* Visit nursing facilities, state hospitals, and DD Centers to identify individuals with TBI who would like to receive services in more integrated settings. (Consider joining with the BIA or the University Centers for Excellence who can provide medical knowledge they may help to identify an individual with TBI who may have been unidentified or misdiagnosed).
* Meet with Rehabilitation Hospitals to provide information about their program and also explain ADA integration mandate requirements for individuals facing discharge from these facilities.
* File Olmstead complaints with the U.S. Department of Health and Human Services, Office of Civil Rights on behalf of unnecessarily institutionalized persons with TBI.
* Broadcast a radio public service announcement, press release, brochure, or video announcing the TBI program and providing examples of legal and advocacy assistance individuals can obtain from the P&A.
* Provide training on TBI, potential areas of discrimination, and the P&A program to: consumers, family, institutional and community-based staff, ER hospital staff, clinics, health education centers, social workers, education officials, correctional facilities, employment agencies and businesses, the state bar, police officers, voting officials, and TBI providers.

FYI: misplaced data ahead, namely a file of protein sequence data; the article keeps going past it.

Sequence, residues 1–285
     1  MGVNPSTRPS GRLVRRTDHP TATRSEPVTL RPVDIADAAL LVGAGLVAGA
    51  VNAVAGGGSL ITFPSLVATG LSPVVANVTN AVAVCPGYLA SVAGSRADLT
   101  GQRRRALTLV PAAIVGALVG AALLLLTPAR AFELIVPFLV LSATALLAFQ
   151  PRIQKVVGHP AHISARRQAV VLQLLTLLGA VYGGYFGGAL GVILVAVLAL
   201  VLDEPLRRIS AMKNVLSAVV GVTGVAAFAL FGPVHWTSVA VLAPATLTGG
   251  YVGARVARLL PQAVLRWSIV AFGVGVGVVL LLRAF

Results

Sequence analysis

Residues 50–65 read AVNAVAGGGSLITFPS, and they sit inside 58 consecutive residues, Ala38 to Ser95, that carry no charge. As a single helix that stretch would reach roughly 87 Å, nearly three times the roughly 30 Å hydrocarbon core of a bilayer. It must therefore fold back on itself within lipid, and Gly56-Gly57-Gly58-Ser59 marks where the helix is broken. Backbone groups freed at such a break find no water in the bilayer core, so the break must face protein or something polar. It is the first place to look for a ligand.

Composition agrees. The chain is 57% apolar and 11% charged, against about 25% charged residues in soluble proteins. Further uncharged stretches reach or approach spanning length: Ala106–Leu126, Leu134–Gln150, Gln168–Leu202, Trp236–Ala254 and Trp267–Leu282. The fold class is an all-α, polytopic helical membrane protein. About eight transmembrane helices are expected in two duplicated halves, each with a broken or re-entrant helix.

* Prepare materials on TBI in various languages and alternative formats.
* Reach out in appropriate places to immigrant and non-English speaking populations.
* Conduct needs assessments and focus groups to identify TBI issues and community priorities.
* Create a P&A TBI Advisory Board made up primarily of individuals with TBI and their families who provide input on TBI priorities and also have an PATBI oversight and evaluation role.
Teaching Self-Advocacy Skills
* Developed an advocacy and legal rights training curriculum for use by leaders of brain injury support groups to teach at support group meetings.
* Develop a self-advocacy guidebook specifically for TBI consumers, family members and advocates.
* Develop a partners in policy making program that teaches consumers and family members self-advocacy skills and specific information about state disability policy making.